The phoney war is over. Today, the general election campaign finally begins. David Cameron is expected to drive to Buckingham Palace and formally ask the Queen to dissolve parliament, even though the date of dissolution was confirmed four years ago with the act introducing fixed terms. Expect excited coverage from broadcasters as political parties move into formal battle mode and media groups roll out their latest infographics.
Pause for a second to reflect on the end of Britain’s first coalition government for 60 years. It is easy to forget how dramatic its formation felt after the inconclusive result last time around. Speaking at that toe-curling launch in the Downing Street rose garden, Cameron hailed the “historic and seismic shift” in British politics.
He was right – and if current polls prove correct, it is a shift likely to endure whoever wins the ballot on 7 May. For all the tensions and tiffs, it remains remarkable this two-party alliance as stuck together through challenging times.
Five years ago, when I worked as Cameron’s speechwriter, there was a sense of nervous anticipation as we moved out of his office in Westminster and the campaign began. These are exciting events for those involved, the brutal test of all the hard work honing messages and preparing policies that make and break political careers.
Inside the political bubble, blips and bloopers cause immense excitement; I will never forget the gobsmacked reaction inside Tory HQ when Gordon Brown insulted Gillian Duffy by calling her a “bigoted woman”. Yet for all the vast amounts of effort and money poured into the fight to win over wavering voters, election campaigns tend not to make a massive difference to final outcomes.
Even in 2010, despite the introduction of televised debates and flaring up of Cleggmania, little changed between the start and finish of the formal contest. Voters had decided they wanted rid of an inadequate and unpopular Labour prime minister - but while they admired the attractive new Conservative leader, they remained wary of entrusting public services to his party. So the result reflected these long-held views, the youthful Tory prime minister constrained by coalition with the Liberal Democrats.
In some ways, how little has changed. The Tory leader remains more popular than his party, which managed to shore up some of its most damaging brand association in government. Iain Duncan Smith’s arrogant performance on yesterday’s Andrew Marr Show, refusing to detail plans to slash £12bn from the benefits bill despite damaging leaked civil service suggestions, showed how little they have learned. And yet again Cameron is confronted by a Labour leader seen as inadequate and weak, which explains Ed Miliband’s risible tough guy talk in last week’s debate.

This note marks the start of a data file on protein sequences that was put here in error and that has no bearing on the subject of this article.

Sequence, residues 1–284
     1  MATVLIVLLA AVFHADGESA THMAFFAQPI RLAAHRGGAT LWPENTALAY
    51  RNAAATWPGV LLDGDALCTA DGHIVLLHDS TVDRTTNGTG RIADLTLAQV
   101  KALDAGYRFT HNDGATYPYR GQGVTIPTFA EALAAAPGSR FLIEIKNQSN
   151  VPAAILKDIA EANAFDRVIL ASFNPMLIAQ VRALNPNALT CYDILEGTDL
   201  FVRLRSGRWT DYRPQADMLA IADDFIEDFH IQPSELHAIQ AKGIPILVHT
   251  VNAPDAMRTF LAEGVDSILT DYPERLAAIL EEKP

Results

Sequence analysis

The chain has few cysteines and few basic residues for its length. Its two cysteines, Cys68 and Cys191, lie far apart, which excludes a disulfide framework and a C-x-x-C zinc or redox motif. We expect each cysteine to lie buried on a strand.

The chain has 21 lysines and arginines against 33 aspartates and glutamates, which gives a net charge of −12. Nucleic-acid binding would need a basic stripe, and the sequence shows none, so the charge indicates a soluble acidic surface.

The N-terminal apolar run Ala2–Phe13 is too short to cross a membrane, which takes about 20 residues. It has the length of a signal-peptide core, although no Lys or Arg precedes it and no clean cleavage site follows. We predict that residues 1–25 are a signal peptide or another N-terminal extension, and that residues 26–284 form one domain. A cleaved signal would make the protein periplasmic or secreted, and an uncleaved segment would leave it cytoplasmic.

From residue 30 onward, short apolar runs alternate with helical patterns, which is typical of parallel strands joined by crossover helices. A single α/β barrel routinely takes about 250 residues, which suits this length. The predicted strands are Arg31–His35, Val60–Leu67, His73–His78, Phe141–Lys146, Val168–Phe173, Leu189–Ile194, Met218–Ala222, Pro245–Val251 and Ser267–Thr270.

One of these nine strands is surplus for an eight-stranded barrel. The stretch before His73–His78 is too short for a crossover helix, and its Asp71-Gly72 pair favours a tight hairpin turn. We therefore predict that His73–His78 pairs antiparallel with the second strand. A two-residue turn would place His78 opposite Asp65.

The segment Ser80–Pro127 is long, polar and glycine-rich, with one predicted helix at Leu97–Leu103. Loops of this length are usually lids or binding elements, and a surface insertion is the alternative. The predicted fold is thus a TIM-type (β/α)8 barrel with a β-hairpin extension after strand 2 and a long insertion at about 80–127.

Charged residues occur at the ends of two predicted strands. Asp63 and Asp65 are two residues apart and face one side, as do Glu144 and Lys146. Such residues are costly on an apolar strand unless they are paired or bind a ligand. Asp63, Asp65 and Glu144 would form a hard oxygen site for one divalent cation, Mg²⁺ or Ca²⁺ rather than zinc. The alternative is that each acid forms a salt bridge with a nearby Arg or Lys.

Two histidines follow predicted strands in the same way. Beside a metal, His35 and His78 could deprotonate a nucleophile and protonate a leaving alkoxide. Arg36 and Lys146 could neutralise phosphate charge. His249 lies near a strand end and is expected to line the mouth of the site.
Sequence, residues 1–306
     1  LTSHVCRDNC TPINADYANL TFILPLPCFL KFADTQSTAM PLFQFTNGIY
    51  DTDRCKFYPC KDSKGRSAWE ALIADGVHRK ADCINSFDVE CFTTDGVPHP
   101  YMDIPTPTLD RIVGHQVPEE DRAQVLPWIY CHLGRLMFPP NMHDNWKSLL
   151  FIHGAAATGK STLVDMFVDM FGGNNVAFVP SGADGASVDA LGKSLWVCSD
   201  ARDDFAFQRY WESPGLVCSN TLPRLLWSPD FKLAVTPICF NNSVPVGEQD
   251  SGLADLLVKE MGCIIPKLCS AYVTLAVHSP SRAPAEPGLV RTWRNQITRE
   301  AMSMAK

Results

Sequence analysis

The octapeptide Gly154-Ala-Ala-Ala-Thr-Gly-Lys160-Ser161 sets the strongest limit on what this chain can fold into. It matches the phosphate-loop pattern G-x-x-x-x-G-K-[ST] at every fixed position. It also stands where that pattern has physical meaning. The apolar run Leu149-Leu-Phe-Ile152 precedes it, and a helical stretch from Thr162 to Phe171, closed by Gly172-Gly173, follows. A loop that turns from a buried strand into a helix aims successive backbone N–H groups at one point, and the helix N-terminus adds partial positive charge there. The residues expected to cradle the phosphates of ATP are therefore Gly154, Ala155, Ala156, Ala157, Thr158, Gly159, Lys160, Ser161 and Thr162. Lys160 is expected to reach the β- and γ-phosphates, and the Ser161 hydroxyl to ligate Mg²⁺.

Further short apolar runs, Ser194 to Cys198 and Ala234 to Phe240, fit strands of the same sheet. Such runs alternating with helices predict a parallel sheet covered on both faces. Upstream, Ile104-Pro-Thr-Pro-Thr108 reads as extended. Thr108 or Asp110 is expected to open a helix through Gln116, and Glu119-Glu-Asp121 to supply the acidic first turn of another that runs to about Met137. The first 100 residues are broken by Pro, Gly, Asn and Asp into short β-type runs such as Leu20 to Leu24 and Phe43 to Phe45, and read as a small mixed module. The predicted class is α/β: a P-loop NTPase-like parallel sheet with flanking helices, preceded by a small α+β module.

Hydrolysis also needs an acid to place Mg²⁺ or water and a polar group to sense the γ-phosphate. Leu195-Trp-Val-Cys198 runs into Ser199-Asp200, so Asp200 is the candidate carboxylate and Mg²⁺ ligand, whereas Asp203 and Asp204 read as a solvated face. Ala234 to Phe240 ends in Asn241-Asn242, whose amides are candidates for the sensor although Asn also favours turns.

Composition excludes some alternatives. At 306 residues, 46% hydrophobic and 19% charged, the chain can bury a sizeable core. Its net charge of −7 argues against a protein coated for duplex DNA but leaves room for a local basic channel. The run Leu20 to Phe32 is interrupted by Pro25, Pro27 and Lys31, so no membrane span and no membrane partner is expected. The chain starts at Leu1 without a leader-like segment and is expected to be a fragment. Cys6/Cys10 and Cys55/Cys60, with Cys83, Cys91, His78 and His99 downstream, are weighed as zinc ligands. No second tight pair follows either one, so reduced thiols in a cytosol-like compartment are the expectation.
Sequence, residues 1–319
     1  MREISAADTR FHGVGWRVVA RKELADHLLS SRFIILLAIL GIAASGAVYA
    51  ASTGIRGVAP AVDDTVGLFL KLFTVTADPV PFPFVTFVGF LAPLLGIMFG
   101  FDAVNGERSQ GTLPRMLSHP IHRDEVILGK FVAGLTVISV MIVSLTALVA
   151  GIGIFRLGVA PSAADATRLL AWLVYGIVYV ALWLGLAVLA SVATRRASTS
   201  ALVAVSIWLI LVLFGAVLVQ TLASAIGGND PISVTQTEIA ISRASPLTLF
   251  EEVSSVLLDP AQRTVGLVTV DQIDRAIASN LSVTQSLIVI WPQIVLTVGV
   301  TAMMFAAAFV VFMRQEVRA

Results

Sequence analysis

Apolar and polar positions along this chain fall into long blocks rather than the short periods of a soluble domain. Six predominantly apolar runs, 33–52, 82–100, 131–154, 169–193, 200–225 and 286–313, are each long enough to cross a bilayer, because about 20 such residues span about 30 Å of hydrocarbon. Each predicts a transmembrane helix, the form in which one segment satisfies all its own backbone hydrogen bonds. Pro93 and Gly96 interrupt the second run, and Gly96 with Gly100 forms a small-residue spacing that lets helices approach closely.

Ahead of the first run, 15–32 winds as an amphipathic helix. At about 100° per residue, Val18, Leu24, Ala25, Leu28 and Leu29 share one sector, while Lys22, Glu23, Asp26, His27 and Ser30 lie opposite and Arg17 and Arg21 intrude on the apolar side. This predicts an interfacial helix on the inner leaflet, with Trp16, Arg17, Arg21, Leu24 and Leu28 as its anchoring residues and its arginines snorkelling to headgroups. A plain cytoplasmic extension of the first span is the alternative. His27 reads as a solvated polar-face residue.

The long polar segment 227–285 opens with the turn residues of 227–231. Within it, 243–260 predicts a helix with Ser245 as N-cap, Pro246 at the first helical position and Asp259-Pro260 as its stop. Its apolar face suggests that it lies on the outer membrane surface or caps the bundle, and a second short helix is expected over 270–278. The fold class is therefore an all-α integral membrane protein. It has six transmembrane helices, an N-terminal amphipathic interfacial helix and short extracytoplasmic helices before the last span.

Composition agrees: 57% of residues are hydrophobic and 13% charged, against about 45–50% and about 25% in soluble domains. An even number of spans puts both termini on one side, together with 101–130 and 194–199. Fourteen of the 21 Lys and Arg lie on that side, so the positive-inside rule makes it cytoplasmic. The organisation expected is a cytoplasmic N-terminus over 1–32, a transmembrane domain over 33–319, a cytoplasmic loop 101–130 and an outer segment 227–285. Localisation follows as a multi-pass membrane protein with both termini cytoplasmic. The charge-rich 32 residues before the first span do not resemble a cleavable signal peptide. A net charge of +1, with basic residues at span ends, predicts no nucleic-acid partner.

In other ways, so much has changed. Look beyond the two central characters in the drama and we find an election of thrilling uncertainty thanks to the rise of multi-party politics. The war for Downing Street involves a series of interlocked skirmishes from Scotland to the South-west, each with their own key combatants and rules of engagement that make it difficult to deliver consistent national messages. Yet each seat could be crucial in the creation of another coalition government – or in determining if either of the main parties might find it possible to go down their preferred routes of minority government.
Both main parties must overcome historic hurdles to win power. The Conservatives have to contend with a trend that has seen serving governments lose significant vote share in the past eight elections, even those fought in healthier economic climates. They have also failed to win an outright majority since Sir John Major squeaked to narrow victory in 1992, a testament to their flawed efforts at post-Thatcher modernisation.
Yet, Labour strategists know that no opposition party has triumphed as the agent of change without a more popular leader or credible economic reputation, neither of which it has under Miliband. Its contorted fiscal policies remain a huge problem, as shown by election chief Lucy Powell’s tetchy interview with Andrew Neil on yesterday’s Sunday Politics. And no party has regained power after just one term in opposition since Harold Wilson in 1974, such is the long shadow of government cast over both parties and the public.
This combination of insecurities threatens us with an uninspiring campaign. Party tribalism intensifies during elections, with what passes for political debate becoming even shriller and less edifying than normal. Now both parties are fighting highly defensive campaigns focused on getting core votes out in enough numbers to limp over the finishing line in first place, foreign gurus demanding the droning repetition of turgid mantras tested relentlessly in focus groups. This is not just the politics of pessimism, but the politics of defeatism.
What a shame Miliband, a smart politician and the most left-wing Labour leader since Michael Foot, did not dare flesh out his fledgling critique of modern capitalism as he would have liked. And that Cameron, having salvaged the economy and with support for core policies, did not revert to his optimistic style of bold and compassionate conservatism that proved so popular when he first came to public attention.
Instead I fear we face a drab, simplistic and reductive election campaign, real excitement only starting once the results flow in. The tragedy is this rigid approach, so patronising to the public, only underlines the very discontent that fuels insurgent parties and turns people off politics. Both Labour and Tories are fighting for short-term gain at risk of long-term pain for their parties.
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